Is Apple’s (NASDAQ:AAPL) recent court victory over Samsung (SSNLF.PK) an example of “winning the battle but losing the war?” The jury in the recently concluded Apple v. Samsung trial ruled that Samsung must pay Apple more than $290 million in damages over 13 products that were found to be infringing on five of the California-based company’s patents. Although Apple trounced Samsung in the courtroom, some industry commentators believe that Samsung is winning a more important battle over smartphone size.
According to the Guardian’s Dan Gillmor, Apple has fallen behind in the smartphone market by failing to increase its smartphone screen size beyond four inches. Although he believes that the iPhone is still the best all-around smartphone available on the market today, he noted that Apple is missing out on a large market segment of users who have learned to love Samsung’s so-called “phablets.”
As noted by Gillmor, phablets are especially popular in the Asian market, and some analysts have urged Apple to exploit this market segment by releasing its own “iPhone Max.” Samsung pioneered this market with its Galaxy Note devices and has been able to maintain its dominance in the absence of a comparably sized iOS-based competitor.
Gillmor believes that Apple’s patent-infringement battle against Samsung is an example of how the company is too focused on slowing down the competition at the expense of adapting its products to the changing market. Although Samsung’s phone-tablet hybrid is not a “giant” breakthrough, he noted that even incremental improvements such as screen size can still help drive innovation.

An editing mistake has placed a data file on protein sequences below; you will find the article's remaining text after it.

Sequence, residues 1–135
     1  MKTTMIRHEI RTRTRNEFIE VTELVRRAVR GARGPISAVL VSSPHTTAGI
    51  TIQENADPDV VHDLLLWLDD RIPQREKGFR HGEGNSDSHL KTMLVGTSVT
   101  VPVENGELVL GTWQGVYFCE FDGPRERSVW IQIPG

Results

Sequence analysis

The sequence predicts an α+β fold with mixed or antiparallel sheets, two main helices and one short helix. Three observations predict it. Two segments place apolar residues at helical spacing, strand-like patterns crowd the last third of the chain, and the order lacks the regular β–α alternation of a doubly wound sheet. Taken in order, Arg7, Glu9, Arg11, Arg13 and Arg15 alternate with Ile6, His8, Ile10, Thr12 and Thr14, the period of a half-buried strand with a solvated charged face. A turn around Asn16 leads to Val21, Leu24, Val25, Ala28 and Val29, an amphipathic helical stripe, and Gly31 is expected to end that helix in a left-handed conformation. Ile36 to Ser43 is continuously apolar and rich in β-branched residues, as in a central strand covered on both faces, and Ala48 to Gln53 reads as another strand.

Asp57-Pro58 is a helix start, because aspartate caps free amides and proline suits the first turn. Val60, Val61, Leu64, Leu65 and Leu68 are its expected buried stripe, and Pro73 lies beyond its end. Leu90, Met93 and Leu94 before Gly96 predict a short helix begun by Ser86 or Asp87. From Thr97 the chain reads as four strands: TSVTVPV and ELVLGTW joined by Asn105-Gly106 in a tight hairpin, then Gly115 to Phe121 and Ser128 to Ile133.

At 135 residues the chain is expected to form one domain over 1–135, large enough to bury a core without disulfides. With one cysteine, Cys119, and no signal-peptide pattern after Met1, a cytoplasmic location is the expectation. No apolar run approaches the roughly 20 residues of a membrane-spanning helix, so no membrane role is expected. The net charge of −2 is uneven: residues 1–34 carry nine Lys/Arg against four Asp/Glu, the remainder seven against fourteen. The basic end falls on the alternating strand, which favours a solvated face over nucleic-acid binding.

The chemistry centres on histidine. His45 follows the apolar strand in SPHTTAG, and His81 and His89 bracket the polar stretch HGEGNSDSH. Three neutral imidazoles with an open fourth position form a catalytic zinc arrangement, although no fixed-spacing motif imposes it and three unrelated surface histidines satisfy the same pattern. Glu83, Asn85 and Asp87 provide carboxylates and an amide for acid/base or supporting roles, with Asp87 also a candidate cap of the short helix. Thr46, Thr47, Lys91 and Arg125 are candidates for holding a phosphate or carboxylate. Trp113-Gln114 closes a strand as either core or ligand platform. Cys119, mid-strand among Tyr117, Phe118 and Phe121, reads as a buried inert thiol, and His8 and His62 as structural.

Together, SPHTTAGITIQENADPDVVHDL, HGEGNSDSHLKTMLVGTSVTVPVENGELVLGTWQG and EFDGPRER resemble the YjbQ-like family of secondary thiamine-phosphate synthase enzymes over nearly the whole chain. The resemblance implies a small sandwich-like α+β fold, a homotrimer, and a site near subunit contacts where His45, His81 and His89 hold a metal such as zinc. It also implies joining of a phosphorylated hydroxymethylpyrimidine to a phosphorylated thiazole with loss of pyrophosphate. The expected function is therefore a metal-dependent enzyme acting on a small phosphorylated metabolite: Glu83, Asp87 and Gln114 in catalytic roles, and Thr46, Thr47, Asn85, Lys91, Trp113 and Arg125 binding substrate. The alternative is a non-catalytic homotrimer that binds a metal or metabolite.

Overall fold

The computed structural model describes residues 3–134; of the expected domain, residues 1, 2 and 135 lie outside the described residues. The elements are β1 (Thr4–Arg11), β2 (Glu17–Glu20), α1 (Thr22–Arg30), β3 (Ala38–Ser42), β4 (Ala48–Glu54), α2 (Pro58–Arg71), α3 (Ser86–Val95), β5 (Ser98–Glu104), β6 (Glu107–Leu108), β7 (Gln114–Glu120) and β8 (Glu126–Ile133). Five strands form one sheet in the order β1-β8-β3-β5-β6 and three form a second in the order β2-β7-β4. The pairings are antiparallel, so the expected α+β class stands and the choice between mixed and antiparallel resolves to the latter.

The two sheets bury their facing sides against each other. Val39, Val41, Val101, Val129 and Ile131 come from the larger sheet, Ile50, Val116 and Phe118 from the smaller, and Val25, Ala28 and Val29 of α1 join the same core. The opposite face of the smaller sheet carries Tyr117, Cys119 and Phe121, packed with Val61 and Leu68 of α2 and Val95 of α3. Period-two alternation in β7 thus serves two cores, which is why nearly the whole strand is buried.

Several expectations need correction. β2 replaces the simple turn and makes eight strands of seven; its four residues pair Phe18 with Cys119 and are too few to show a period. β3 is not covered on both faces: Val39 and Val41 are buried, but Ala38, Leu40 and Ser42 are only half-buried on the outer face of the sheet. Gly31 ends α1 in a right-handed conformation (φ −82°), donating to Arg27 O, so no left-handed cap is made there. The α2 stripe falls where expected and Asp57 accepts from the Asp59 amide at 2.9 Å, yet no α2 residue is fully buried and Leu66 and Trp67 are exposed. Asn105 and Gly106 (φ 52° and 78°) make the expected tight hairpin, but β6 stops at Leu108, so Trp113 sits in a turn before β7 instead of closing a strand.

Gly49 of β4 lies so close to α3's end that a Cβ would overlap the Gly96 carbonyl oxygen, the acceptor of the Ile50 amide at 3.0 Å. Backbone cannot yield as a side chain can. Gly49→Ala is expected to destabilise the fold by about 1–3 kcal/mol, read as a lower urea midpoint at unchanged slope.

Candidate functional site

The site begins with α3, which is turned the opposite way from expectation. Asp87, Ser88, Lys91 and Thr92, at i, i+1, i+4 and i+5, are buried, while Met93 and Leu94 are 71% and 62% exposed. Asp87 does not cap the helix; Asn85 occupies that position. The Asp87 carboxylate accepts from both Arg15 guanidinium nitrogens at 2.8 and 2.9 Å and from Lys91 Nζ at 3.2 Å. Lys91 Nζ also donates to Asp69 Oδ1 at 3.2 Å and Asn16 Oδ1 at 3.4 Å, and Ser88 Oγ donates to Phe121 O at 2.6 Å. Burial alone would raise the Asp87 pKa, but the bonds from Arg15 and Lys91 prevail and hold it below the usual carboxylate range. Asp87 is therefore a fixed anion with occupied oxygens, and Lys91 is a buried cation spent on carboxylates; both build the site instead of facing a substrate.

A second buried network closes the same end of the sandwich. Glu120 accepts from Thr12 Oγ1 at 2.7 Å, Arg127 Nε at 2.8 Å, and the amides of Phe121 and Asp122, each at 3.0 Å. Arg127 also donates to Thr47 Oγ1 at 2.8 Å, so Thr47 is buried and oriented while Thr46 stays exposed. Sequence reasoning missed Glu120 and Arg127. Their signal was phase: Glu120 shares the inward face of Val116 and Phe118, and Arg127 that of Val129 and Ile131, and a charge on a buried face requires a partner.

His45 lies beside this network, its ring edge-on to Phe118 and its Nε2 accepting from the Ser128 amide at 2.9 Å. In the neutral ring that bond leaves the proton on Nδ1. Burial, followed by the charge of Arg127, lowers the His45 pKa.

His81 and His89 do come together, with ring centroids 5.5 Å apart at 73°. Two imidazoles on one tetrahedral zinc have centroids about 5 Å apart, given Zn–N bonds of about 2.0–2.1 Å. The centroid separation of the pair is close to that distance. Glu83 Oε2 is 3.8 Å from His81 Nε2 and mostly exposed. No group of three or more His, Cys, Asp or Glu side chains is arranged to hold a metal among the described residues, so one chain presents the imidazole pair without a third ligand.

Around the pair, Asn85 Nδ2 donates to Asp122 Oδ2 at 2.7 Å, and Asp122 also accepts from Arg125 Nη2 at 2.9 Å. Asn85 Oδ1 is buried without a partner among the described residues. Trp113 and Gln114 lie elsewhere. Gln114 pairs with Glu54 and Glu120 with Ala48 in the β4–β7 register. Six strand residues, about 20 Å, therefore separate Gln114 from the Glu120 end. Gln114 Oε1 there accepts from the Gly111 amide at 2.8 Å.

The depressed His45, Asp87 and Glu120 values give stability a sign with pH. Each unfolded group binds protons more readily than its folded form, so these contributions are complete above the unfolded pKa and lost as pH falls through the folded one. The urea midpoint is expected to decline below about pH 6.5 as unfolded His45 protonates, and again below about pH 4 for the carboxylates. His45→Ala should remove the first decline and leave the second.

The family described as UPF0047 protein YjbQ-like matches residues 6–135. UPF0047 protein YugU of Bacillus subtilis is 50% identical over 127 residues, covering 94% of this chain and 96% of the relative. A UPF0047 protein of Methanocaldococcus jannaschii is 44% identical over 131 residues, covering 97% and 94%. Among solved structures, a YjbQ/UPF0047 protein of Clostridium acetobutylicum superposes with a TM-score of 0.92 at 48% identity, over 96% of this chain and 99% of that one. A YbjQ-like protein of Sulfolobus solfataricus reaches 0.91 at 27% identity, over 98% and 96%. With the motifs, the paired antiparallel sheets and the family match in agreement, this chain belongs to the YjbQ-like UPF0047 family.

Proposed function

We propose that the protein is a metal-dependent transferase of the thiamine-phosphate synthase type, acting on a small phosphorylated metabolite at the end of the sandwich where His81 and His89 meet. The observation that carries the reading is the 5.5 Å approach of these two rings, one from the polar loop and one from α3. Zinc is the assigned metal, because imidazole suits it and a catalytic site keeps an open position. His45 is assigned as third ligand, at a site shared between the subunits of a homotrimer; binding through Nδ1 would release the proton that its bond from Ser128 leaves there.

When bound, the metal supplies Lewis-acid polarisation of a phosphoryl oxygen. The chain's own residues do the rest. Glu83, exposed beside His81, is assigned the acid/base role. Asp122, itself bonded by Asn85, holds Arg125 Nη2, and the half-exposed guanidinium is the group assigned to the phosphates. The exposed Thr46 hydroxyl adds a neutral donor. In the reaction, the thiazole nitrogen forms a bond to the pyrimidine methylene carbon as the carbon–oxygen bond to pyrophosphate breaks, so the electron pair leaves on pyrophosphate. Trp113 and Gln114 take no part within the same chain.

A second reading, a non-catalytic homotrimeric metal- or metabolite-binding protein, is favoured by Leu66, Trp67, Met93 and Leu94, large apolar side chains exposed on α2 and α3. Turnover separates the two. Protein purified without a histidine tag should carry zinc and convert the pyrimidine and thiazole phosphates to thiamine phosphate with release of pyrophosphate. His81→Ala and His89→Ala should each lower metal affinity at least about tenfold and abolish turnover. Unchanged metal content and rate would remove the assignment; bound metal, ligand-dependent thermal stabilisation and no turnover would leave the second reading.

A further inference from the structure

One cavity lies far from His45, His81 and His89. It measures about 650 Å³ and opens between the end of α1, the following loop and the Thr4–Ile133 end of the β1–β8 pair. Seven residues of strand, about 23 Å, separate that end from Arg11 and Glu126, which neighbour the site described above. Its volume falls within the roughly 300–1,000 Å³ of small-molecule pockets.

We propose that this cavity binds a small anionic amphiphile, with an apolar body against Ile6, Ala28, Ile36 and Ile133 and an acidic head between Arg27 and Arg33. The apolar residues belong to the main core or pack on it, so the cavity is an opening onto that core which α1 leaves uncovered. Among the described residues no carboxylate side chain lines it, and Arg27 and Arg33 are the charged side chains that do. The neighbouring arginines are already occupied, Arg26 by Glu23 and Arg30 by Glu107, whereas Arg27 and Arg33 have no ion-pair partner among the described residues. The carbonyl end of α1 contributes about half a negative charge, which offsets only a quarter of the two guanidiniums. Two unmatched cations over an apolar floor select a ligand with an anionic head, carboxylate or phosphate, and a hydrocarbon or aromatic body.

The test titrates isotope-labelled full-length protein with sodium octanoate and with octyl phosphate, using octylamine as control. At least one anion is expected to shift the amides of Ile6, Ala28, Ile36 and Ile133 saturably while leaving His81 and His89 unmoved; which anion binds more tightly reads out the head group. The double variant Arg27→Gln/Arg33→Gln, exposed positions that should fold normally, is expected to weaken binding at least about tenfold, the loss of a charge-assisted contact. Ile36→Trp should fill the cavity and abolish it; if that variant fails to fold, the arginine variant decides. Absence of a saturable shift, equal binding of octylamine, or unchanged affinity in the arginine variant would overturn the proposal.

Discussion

Although Gillmor believes that Apple has been too slow in adapting to changing consumer tastes, the latest industry rumors suggest that the iPhone maker is already working on a large-screen device. According to “insiders” recently cited by China’s Ctech website, Apple has started testing a 4.9-inch “iPhone 6” prototype. Ctech’s report also lines up with recent supply chain rumors reported by the Wall Street Journal and well-connected KGI Securities analyst Ming-Chi Kuo.
Although some Apple purists might be doubtful that the tech company would alter its products based on Samsung’s product designs, it should be noted that the iPad maker has previously introduced new products in response to Samsung’s “innovations.” According to the Wall Street Journal, Samsung’s lawyers presented an internal Apple email during the recent damages trial that showed that Apple executives discussed creating the 7.9-inch iPad mini in response to the success of Samsung’s 7-inch Galaxy Tab. However, until Apple decides to throw its hat in the phablet arena, Samsung will continue to enjoy dominating the one market segment where it doesn’t face competition from its biggest smartphone rival.
Here’s how Apple closed on Friday.
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